Faced with competition from disruptors, health systems are expanding their pharmacy services to capture additional income and improve clinical care
Amid increased competition from disruptors and retail chains, health systems are expanding their pharmacy operations beyond the hospital, in some cases building stand-alone community pharmacies or co-locating them with clinics to compete directly with the likes of Walgreens, Rite Aid, and CVS.
“It’s a huge opportunity,” says Rebecca Taylor, vice president of the pharmacy service line at UPMC, which now has 17 pharmacies within its network, some located inside clinics. “Ambulatory pharmacies have been around for a long time, but there are a lot of factors that are driving this new opportunity” for health systems to expand their reach.
With intense competition in the healthcare space, health systems are seizing on the opportunity to expand pharmacy services as a means of improving the scope of services they provide to patients. Many want to keep the patient within the hospital’s network, integrating all healthcare services through the medical record, a strategy that segues into the concept of value-based care and the medical home.
Others see the pharmacy as an attractive business line. Through the 340B Drug Pricing Program, health systems can be reimbursed through Medicaid for outpatient drugs sold to uninsured and low-income patients. They’re also looking to capture more specialty pharmacy services and prescriptions lost to neighborhood and community pharmacies, not to mention the profits from other goods and services sold through a retail location.
And while neighborhood and community pharmacies are looking to adopt more healthcare services and become community health centers, they’re also struggling. Rite Aid has filed for bankruptcy, while Walgreens and CVS are closing hundreds of stores, leaving communities without that resource for filling prescriptions. Health systems can fill that gap with their own pharmacies.
Making an Argument for Pharmacy Expansion
Nicole Faucher, MS, president of Clearway Health, a Massachusetts-based company spun out of Boston Medical Center that partners with health systems and hospitals to strengthen their specialty pharmacy programs, says health systems have three primary reasons for expanding their pharmacy services:
- Creating a new service line. When patients fill their prescriptions at a local pharmacy, they’re taking business away from the hospital. A health system can keep that business in-house with its own pharmacy service, as well as influencing the patient to consider more health and wellness services and products.
- Improving clinical outcomes. By keeping pharmacy services in-house, a health system can link all of those services through the medical record, ensuring continuity of care and reducing gaps in care or siloed services. In addition, the pharmacist becomes an integral part of the care team and the care management plan, improving medication adherence and helping patients with any medication-based issues that might otherwise be delayed or go unanswered.
- Improving patient loyalty and engagement. Health systems that include pharmacy services are seen by patients as being more attentive to and involved in care management and coordination. That patient will be more likely to stay with the health system, listen to advice on other services and resources within the health system, and recommend that health system to family and friends.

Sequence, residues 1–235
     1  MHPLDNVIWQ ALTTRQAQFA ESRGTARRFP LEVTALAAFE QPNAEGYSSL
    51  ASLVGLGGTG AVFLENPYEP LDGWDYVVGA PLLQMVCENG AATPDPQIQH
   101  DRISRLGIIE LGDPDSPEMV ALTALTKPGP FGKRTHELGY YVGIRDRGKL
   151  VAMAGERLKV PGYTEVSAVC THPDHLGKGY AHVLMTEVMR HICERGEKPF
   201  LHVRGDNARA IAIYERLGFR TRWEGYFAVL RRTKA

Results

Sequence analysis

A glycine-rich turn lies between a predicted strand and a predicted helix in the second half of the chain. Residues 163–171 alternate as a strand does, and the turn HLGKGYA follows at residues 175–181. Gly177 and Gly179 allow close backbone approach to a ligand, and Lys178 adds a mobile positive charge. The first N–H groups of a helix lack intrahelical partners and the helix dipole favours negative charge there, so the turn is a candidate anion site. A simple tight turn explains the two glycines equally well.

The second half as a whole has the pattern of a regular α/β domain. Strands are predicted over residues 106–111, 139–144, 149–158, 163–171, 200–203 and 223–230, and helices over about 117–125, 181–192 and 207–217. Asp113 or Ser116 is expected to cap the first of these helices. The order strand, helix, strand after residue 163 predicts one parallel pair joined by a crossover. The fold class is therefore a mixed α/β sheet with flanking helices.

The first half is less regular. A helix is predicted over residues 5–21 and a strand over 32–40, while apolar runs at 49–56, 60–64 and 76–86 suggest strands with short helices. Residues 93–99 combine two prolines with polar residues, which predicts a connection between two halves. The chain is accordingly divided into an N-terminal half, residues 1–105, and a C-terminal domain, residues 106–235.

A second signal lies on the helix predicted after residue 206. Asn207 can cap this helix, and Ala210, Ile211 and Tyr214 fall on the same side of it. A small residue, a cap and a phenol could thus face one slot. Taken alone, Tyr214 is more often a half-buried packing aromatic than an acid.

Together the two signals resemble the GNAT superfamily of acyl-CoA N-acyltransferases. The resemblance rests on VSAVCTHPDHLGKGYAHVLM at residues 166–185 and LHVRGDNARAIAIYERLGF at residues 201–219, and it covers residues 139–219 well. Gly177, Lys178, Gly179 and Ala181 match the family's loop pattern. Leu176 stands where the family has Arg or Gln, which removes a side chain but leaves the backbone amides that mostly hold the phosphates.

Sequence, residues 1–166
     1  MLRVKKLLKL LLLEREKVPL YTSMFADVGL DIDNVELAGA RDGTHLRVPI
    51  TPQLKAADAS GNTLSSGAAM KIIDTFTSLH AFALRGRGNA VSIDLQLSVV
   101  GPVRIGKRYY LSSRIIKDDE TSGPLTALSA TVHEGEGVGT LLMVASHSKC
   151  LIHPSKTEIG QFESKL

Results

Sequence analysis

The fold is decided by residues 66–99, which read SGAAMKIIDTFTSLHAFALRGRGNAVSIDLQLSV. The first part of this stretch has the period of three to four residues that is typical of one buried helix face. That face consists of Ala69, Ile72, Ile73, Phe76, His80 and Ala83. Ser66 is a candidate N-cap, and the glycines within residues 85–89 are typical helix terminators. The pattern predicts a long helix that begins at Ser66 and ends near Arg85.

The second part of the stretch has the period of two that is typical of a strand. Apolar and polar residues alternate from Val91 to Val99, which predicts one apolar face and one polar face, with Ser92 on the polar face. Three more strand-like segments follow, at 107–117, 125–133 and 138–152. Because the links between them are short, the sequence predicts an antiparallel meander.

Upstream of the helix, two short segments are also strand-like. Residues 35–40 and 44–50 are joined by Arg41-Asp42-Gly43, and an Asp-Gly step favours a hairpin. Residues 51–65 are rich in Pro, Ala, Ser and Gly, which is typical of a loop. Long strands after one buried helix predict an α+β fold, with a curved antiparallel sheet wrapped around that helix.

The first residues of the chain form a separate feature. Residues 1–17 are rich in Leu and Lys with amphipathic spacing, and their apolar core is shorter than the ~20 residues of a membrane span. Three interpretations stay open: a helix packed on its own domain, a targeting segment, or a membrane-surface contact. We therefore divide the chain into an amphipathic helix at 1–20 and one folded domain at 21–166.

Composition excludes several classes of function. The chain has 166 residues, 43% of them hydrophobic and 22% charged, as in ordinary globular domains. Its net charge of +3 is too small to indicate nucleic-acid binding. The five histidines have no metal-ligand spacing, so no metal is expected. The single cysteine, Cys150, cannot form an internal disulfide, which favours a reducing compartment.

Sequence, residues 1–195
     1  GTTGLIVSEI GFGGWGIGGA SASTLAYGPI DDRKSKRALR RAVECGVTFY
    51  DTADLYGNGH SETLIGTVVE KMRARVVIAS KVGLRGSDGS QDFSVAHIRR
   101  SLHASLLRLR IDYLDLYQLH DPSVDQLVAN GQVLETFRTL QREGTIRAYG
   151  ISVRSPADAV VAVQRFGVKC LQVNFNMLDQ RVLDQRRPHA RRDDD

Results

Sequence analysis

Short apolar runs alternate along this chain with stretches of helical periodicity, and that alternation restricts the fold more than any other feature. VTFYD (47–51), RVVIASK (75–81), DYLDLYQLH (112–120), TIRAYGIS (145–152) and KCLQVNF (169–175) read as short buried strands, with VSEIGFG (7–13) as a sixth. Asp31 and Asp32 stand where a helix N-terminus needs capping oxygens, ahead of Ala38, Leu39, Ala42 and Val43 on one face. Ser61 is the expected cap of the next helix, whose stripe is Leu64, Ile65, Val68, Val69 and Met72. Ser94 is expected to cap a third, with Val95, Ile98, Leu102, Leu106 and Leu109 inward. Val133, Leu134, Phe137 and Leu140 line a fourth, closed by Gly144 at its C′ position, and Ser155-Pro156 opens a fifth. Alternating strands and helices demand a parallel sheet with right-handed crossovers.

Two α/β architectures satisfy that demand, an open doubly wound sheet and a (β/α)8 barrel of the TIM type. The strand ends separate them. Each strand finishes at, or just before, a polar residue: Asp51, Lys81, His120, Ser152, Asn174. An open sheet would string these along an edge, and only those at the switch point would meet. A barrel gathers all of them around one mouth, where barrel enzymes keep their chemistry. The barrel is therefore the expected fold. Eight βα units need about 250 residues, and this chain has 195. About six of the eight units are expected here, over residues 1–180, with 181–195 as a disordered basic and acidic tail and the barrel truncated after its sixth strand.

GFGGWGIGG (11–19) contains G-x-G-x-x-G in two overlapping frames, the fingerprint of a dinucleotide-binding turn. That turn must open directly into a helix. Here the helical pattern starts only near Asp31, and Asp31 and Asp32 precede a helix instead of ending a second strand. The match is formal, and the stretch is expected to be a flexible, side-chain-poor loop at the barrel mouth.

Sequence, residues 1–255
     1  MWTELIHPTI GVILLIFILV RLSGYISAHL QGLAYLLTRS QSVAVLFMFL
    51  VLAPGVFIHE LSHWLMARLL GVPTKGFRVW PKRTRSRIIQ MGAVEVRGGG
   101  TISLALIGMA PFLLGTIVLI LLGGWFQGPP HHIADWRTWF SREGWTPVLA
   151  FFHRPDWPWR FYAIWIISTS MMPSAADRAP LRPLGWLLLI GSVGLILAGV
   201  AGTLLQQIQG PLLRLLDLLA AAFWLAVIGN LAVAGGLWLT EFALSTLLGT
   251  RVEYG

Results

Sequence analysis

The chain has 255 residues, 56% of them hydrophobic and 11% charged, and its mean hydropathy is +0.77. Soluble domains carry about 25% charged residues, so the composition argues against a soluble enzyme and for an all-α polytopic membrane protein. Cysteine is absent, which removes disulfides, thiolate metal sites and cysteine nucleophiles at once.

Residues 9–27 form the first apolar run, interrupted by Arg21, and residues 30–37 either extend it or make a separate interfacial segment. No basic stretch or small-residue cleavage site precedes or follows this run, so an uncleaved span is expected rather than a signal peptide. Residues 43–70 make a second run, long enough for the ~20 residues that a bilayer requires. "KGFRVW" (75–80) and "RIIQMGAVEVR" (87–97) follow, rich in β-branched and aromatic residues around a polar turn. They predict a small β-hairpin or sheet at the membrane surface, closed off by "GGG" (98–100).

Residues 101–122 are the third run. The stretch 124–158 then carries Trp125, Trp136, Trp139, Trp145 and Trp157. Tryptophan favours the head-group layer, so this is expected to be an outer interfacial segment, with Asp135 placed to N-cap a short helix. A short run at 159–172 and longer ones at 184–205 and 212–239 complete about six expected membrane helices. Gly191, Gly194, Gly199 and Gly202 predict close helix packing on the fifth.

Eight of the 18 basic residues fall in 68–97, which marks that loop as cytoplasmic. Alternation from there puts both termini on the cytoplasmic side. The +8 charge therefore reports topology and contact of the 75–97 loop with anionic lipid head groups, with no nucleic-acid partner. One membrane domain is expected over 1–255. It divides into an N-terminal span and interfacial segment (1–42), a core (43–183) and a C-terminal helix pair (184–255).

The decision to expand pharmacy services can’t be taken lightly. These projects are expensive, and they require plenty of research and planning. One look at how Walgreens, Rite Aid, and CVS are doing right now with the healthcare ambitions would be enough to scare anyone away.
“This isn’t just ‘Build it and they will come,’” warns Faucher, who says health system leadership needs to think long and hard about whether to take this on.
Among the considerations that go into planning a pharmacy expansion:
- Understanding the patient population and community. Will patients shift their allegiance from local pharmacies to a hospital-run pharmacy?
- Site selection and staffing. Will a stand-alone pharmacy work, or should these services be co-located with a clinic, medical offices, or other programs? Building and/or rental costs will figure prominently in this strategy, as will costs for staffing a stand-alone pharmacy.
- Delivery. Will this be a traditional pharmacy that handles over-the-counter and walk-in traffic, or will it be strictly mail-order? If the latter, how will deliveries be handled? If the former, will the pharmacy handle prescriptions only or offer other goods and services?
- Contract negotiations. A health system will need to handle contracts with pharmacy benefit managers (PBMs), payers, and health plans, along with any delivery services. In addition, there will be contracts with drug distributors to consider.
- Sustainability. How much business will a pharmacy need to generate to be sustainable? This will determine what other services or products are offered.
Alongside managing the aspects of a 340B program, Faucher says a health system must also decide how to manage business with other pharmacies. Some 15% of all prescriptions involve medications that are handled by specialty pharmacies.
“There really isn’t a one size that fits” for every health system, she says.
Addressing Both Clinical and Business Goals
At Signature Healthcare, based in southeastern Massachusetts, the decision to expand pharmacy services addressed both clinical and business goals. A significant percentage of the health system’s patient base are members of government health plans, making the 340B program an attractive addition to their bottom line.
“We make a little more of a margin on that,” says Stephen Borges, Signature’s vice president of financial operations.
But the health system also wants to create a more connected health experience for its patients, many of whom are underserved, he says. That means adding pharmacy techs in critical care units, medical offices, and clinics to be part of the care team, and locating a retail pharmacy in their largest physician office building near the hospital.